‘Aamad’ is one of many outreach activities the Department of Theatre has been conducting over last two years at the NCA based in Rawalpindi at the Liaquat Hall Complex.
These activities have invited theatre practitioners, groups and young aspiring performers to participate in performances, discussion program, workshops and conferences, generating public theatre awareness. In January 2010 NCA will begin its regular BA Theatre Degree programme, for which admissions will be open in the next month.
Giving the background of the improvisation, Associate Professor Head Department of Theatre Claire Pamment said that in the 1960s and 70s improvisation began to enter the Pakistan Arts Council through performers from the dwindling folk theatres and local city circuits.
These improvisations began to re-interpret the European style drawing room comedies in form and content, and gained popularity. In the 1980s the popular improvised comedy on the urban stage began to flourish in the Arts Councils — a return of the primary sources of inspiration in theatre arts.
By Schezee Zaidi
Supported by the Higher Education Commission (HEC) and Pakistan National Council of the Arts (PNCA), the events, to be held daily from 5 p.m. to 7 p.m., would include lectures, performances, excerpts and discussions on ‘Early Urdu Theatre: Traditions & Transformations’.
Starting from the first play of Urdu theatre ‘Indar Sabha’ and a lecture on ‘Bhands’ along with their performances, the event would also draw attention towards the Shakespearean influence on Urdu drama and theatre and Agha Hashr Kashmiri’s dramas.
Eminent writers and scholars, including Dr. Anna Suvorova, Zia Mohyuddin, Aslam Azhar, Iftikhar Arif and Claire Pamment would deliver lectures and chair the discussion forums.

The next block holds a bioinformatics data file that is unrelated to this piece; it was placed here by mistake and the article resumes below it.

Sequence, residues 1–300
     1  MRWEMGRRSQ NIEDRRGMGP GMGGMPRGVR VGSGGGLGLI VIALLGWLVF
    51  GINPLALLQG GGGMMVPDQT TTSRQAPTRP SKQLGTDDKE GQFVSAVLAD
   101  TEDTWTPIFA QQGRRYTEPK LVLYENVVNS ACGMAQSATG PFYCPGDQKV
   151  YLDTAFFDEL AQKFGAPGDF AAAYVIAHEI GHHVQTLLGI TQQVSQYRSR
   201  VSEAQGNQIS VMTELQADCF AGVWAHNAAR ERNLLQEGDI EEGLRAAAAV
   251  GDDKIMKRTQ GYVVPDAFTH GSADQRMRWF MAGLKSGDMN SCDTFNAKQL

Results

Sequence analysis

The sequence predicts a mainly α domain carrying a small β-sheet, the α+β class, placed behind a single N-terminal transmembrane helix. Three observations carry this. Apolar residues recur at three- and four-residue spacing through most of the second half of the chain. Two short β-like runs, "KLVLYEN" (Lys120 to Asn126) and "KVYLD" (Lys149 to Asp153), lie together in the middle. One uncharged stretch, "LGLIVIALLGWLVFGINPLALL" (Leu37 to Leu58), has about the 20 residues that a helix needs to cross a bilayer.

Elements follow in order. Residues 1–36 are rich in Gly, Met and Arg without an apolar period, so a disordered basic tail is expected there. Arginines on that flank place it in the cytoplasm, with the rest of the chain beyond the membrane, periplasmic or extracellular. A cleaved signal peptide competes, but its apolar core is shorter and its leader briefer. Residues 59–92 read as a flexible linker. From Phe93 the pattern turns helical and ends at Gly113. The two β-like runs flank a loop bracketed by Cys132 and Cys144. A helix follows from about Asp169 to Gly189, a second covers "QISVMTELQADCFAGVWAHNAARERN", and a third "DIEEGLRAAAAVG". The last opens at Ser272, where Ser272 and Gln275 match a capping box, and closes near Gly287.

Participating scholar Dr. Anna Suvorova is head of Asian Literature Department at the Institute of Oriental Studies, Russian Academy of Sciences. She is a widely published scholar in the Indo-Islamic Culture, Sufism, Comparative Literature, South Asian Theatre and Contemporary Fine Arts. The NCA Department of Theatre is hosting Dr. Suvorova for an HEC-funded residency and launch of her new book, ‘Early Urdu Drama on Stage: From Beginning to Agha Hashr Kashmiri’, by the Research & Publication Centre, NCA.
Zia Mohyuddin is chairman of the National Academy of Performing Arts and a highly acclaimed actor and theatre director.
Aslam Azhar is the founder of Pakistan Television (PTV). He is an acclaimed theatre actor, who initiated the Karachi-based theatre group ‘Dastak’ in 1983.
Iftikhar Arif is an eminent Urdu poet and chairman of the National Language Authority (NLA). Claire Pamment is head of the Department of Theatre at NCA, Rawalpindi Campus, and is currently pursuing her PhD research on ‘Bhands as a Trickster Mode in Pakistani Theatre’.
On the opening day today (Wednesday), a lecture would be presented by Dr. Anna Suvorova on the ‘Origins of the Urdu Theatre and Drama’ followed by another lecture by Claire Pamment on ‘Bhands’ accompanied by a performance by ‘bhands’ Munir Hussain and Zulfikar. The discussion would be chaired by Aslam Azhar.